Duramax 3.0L oil consumption while driving with low RPMs and high power output

wwillson

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A friend of mine called me yesterday asking about poor fuel economy in his 3.0L Duramax. His drive was from Kentucky to Denver in 30+ MPH headwinds. He normally gets 29.5 MPG, but one this trip he only got 20.5. He wanted to know if I thought something was wrong with the engine, because it was getting such poor fuel economy. I told him his engine is fine and that bucking such a strong headwind required a lot more power. He is a +3 over driver, so most of the trip the cruise was set at either 73 or 78 MPH. If the headwind averaged 30 MPH, then he effectively was moving through the air mass at an average of 105 MPH. Drag increases as the square of the increase in speed. 105 is 1.4x faster than 75, so we square 1.4 = 96% more drag. That is why he got such poor mileage.

I had a few questions for him.
"What gear did you drive in?" - answer "10th the whole way".
"What is the engine RPMs in 10th at 75 MPH?" - answer "I believe around 1500".
"Did is use any oil?" - answer "It has never used any oil".
"Did you check the level when you got home?" - answer "No, but I'll go out and look in a bit".

He called me back about 30 minutes later and found the oil level down 1 quart. He was irritated.

1000 miles with the engine running at high load and low RPMs and oil consumption. Sounds familiar to what I found with my 6.6L Duramax.

I wish he had an iDash to monitor his EGTs.

My opinion is the oil consumption is from high piston temps because the engine is churning along at low RPMs and high power output.

He is going to ask the dealer, but I told him he will get a song and dance that this is "acceptable".
 
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I guess I should be glad my new (to me) 4cyl diesel consumed zero oil screaming along the interstate at 3500+ rpm!
 
Keep in mind that the 3.0L Duramax has an even higher specific power than the 6.6L Duramax, so we shouldn't be surprised that piston temperatures are a problem. 2023 forward the 3.0L has steel pistons, which replace the aluminum pistons. Why? Because steel has a much higher softening and melting point than aluminum. The torque race continues, oil consumption seems to be a given with the 3.0. If everyone had an iDash and kept there EGTs below 1100F for continuous runs, I don't think these 3.0Ls would have an oil consumption problem. Just my opinion.
 
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Keep in mind that the 3.0L Duramax has an even higher specific power than the 6.6L Duramax, so we shouldn't be surprised that piston temperatures are a problem. This year for the 3.0L has steel pistons, which replace the aluminum pistons. Why? Because steel has a much higher softening and melting point than aluminum. The torque race continues, oil consumption seems to be a given with the 3.0. If everyone had an iDash and kept there EGTs below 1100F for continuous runs, I don't think these 3.0Ls would have an oil consumption problem. Just my opinion.

This guy owns the same truck and not a drop of oil used to date:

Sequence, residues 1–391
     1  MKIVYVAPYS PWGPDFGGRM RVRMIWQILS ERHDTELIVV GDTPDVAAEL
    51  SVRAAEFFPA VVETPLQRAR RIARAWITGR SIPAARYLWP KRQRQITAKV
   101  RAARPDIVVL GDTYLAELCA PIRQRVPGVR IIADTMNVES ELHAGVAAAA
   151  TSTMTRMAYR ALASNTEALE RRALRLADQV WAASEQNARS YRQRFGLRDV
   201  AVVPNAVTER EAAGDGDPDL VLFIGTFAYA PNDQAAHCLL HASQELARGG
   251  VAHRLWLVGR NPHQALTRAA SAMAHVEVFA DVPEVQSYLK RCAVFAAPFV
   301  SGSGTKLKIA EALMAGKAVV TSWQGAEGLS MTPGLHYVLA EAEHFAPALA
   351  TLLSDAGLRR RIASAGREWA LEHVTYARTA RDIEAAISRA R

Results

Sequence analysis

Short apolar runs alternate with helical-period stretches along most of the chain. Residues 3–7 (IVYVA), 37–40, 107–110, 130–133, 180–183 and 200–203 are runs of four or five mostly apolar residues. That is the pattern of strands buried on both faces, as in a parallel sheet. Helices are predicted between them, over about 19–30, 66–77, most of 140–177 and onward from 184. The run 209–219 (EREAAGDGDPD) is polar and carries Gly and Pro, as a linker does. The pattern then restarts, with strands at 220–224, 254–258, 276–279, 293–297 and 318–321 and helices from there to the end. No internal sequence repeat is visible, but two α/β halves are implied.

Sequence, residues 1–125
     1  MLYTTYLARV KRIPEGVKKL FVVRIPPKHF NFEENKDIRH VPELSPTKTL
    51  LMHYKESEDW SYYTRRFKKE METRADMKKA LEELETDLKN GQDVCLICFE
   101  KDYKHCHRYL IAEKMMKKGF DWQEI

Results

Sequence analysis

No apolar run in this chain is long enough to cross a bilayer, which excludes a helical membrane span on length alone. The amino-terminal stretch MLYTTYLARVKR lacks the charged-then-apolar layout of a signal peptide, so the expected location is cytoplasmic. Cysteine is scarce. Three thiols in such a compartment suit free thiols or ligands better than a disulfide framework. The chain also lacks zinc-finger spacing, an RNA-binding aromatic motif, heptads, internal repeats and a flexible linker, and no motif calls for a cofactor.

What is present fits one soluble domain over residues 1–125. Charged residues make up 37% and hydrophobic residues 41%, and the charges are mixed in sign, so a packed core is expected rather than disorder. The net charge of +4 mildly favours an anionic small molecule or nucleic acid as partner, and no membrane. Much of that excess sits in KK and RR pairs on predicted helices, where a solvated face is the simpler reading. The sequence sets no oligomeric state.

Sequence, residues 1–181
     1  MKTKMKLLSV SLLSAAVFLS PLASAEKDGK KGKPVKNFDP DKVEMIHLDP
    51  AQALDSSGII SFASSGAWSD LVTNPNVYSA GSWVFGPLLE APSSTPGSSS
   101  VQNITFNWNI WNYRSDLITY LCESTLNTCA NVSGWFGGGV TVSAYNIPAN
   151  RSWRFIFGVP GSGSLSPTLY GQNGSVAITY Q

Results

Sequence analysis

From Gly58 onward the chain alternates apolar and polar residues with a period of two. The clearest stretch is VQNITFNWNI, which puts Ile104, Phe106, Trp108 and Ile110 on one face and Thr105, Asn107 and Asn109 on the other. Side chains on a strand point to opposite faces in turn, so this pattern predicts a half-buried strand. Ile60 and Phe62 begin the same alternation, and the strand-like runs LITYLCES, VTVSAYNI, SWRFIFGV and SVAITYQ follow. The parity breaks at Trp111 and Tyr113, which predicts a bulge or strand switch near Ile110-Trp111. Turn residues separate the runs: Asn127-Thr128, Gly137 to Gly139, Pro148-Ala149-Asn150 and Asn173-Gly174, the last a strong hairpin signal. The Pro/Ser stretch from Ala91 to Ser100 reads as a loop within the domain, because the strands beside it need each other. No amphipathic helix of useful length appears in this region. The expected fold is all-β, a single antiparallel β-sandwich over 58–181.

Watch at 4:20, he checks the oil twice and both times it's still way over the full mark (GM intentionally ships an extra quart from the factory).
You are correct, this guy's 3.0 hasn't used any oil.

I didn't see you posted another video below the video that shows oil consumption.
 
A friend of mine called me yesterday asking about poor fuel economy in his 3.0L Duramax. His drive was from Kentucky to Denver in 30+ MPH headwinds. He normally gets 29.5 MPG, but one this trip he only got 20.5. He wanted to know if I thought something was wrong with the engine, because it was getting such poor fuel economy. I told him his engine is fine and that bucking such a strong headwind required a lot more power. He is a +3 over driver, so most of the trip the cruise was set at either 73 or 78 MPH. If the headwind averaged 30 MPH, then he effectively was moving through the air mass at an average of 105 MPH. Drag increases as the square of the increase in speed. 105 is 1.4x faster than 75, so we square 1.4 = 96% more drag. That is why he got such poor mileage.

I had a few questions for him.
"What gear did you drive in?" - answer "10th the whole way".
"What is the engine RPMs in 10th at 75 MPH?" - answer "I believe around 1500".
"Did is use any oil?" - answer "It has never used any oil".
"Did you check the level when you got home?" - answer "No, but I'll go out and look in a bit".

He called me back about 30 minutes later and found the oil level down 1 quart. He was irritated.

1000 miles with the engine running at high load and low RPMs and oil consumption. Sounds familiar to what I found with my 6.6L Duramax.

I wish he had an iDash to monitor his EGTs.

My opinion is the oil consumption is from high piston temps because the engine is churning along at low RPMs and high power output.

He is going to ask the dealer, but I told him he will get a song and dance that this is "acceptable".
Do you think dropping down a gear or two to raise RPMs would have helped reduce the high load and thus oil consumption?

As well, dropping his speed from 75 to 60 (facing that 30 MPH headwind) would have helped.

105 down to 90 is a decrease of 1/7.

(6/7)^2 = 36/49 = just under 3/4 of the original wind resistance.
 
Guessing OP was at or nearly at full throttle while driving into the wind so agree that dropping down a cog would have been beneficial. While 1500 rpm isn`t lugging a diesel, under the conditions reported the load was substantial INMHO. Not sure the 3.0 is designed for such.
 
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